29 Nov 2016

Abuse claims at Dunedin school a witch-hunt - parent

6:58 pm on 29 November 2016

Investigations into alleged abuse and seclusion of pupils at a special school in Dunedin are a witch-hunt against excellent teachers, say some parents.

Sara Cohen School.

Sarah Cohen School. Photo: Screenshot / GoogleMaps

RNZ revealed this morning that Sara Cohen School is the subject ofmultiple investigations into claims of pupils being mistreated, including of children being hit, force-fed and having their wrists bent back.

One teacher aide has quit, and a teacher has been suspended.

The school also allegedly used a laundry as a seclusion room.

But some of the parents of pupils in the junior classroom being investigated contacted RNZ today to say there was another side to the story.

The mother of a student said to have been force-fed said that never happened and the two teachers in question were some of the best her son had ever had.

The woman - who RNZ has agreed not to name - said she had repeatedly challenged the allegation, but the school would not listen.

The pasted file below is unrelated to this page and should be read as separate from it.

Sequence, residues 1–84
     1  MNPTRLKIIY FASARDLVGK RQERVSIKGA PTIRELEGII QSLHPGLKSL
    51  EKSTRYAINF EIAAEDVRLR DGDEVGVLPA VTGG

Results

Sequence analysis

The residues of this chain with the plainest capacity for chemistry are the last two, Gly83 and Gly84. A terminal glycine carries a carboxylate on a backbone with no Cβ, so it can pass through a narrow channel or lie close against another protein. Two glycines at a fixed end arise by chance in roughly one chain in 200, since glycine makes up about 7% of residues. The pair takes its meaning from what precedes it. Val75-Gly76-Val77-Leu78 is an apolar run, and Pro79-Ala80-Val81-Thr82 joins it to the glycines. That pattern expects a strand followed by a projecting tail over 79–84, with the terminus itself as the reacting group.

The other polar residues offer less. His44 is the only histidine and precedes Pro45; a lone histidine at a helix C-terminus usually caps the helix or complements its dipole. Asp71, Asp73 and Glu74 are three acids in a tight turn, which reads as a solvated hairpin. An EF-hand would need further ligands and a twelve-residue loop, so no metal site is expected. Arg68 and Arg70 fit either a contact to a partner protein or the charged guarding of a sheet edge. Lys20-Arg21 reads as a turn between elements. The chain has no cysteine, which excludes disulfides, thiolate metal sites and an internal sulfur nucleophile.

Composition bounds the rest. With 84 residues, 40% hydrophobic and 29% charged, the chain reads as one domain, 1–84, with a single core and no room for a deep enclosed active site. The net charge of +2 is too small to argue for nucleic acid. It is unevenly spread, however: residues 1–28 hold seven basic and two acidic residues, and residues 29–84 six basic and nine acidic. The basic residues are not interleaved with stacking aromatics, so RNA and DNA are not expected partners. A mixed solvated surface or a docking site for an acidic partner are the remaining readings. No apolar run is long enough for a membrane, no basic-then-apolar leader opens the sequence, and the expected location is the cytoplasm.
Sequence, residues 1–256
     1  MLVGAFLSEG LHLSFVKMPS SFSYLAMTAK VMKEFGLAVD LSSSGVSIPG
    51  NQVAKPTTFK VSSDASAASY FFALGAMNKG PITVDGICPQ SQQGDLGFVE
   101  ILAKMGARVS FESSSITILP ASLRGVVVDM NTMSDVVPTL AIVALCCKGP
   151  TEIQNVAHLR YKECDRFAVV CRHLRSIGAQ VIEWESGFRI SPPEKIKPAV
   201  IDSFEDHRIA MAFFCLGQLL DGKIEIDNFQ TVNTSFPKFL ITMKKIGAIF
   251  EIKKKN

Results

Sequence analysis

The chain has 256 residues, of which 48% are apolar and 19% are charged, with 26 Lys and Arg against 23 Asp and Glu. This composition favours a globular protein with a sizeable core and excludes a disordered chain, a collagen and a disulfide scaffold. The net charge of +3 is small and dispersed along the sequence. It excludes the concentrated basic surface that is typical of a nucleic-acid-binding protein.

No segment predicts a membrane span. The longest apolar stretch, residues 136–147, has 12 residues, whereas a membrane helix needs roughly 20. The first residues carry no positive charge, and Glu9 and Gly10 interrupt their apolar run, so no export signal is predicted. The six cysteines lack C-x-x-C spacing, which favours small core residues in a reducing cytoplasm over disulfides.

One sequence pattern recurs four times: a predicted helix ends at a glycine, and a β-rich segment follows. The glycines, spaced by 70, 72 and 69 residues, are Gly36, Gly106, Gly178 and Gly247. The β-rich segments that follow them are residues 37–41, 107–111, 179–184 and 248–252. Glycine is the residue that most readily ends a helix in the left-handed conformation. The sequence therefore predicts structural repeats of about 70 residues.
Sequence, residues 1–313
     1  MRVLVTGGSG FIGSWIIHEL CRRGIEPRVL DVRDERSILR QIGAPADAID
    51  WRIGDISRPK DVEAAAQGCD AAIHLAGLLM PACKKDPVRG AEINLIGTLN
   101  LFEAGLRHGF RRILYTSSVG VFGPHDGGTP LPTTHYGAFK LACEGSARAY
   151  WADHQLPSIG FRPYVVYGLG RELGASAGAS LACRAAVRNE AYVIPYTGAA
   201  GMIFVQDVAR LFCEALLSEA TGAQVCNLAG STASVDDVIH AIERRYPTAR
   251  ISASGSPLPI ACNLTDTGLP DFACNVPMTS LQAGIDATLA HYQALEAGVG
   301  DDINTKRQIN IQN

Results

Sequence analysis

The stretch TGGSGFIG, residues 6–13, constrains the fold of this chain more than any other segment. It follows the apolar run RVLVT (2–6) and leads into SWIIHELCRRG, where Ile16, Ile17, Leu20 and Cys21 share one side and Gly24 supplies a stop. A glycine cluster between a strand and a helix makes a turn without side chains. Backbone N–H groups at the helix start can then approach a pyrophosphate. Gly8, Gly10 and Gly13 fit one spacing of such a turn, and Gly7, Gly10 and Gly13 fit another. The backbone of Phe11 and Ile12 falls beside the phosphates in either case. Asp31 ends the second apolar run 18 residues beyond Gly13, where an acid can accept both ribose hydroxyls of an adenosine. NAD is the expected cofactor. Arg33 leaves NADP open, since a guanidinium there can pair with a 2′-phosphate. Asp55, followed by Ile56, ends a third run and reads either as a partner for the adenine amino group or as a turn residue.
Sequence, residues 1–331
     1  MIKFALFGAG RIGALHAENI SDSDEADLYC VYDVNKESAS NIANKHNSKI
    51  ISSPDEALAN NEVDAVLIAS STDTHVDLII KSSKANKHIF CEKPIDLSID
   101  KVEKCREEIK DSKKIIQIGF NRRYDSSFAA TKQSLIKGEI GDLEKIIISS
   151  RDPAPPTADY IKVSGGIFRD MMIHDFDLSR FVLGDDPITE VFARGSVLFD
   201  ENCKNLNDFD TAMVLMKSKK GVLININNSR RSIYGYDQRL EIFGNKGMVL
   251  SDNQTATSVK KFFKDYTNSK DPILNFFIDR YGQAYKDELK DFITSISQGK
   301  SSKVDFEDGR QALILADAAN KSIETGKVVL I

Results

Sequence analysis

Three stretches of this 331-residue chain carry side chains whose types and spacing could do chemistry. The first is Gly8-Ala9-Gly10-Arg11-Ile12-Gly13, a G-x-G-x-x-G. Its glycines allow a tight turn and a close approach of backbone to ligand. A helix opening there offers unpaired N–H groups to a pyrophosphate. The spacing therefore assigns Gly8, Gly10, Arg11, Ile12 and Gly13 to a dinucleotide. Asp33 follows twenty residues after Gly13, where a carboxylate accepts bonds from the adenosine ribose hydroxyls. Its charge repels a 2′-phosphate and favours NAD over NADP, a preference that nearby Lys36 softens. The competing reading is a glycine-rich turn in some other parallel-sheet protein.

"It didn't matter what we said, particularly about the force-feeding incident. Maybe we gave consent about dabbing food [on her son's mouth], maybe that was misconstrued," the woman said.

"To see this... about how my kid was allegedly force-fed, well that's not true. And anyone who knows my child well enough knows the battle scars that would happen if you tried," she said.

The mother said she did not believe the complaint about the seclusion room either.

"Reading about the seclusion room, I had to laugh. What seclusion room in that classroom?"

The mother said the allegations had been pushed by a parent who was also on the board of trustees, but they were misguided attacks against great teachers.

She said she had lost confidence in the school, but only since the complaint incident, and had now withdrawn her son.

Her views have been backed up by another parent independently.

But the Human Rights Commission said it was extremely concerned, because children with disabilities were some of society's most vulnerable youngsters.

Education Minister Hekia Parata said she had known about the school's problems all year, and her ministry was dealing with it.

Ms Parata said the allegations were unacceptable and her ministry had taken action to install a limited statutory manager because of their seriousness.

In a statement, that manager, Nicola Hornsey, said her employment investigation was ongoing, and would probably take until the end of the year.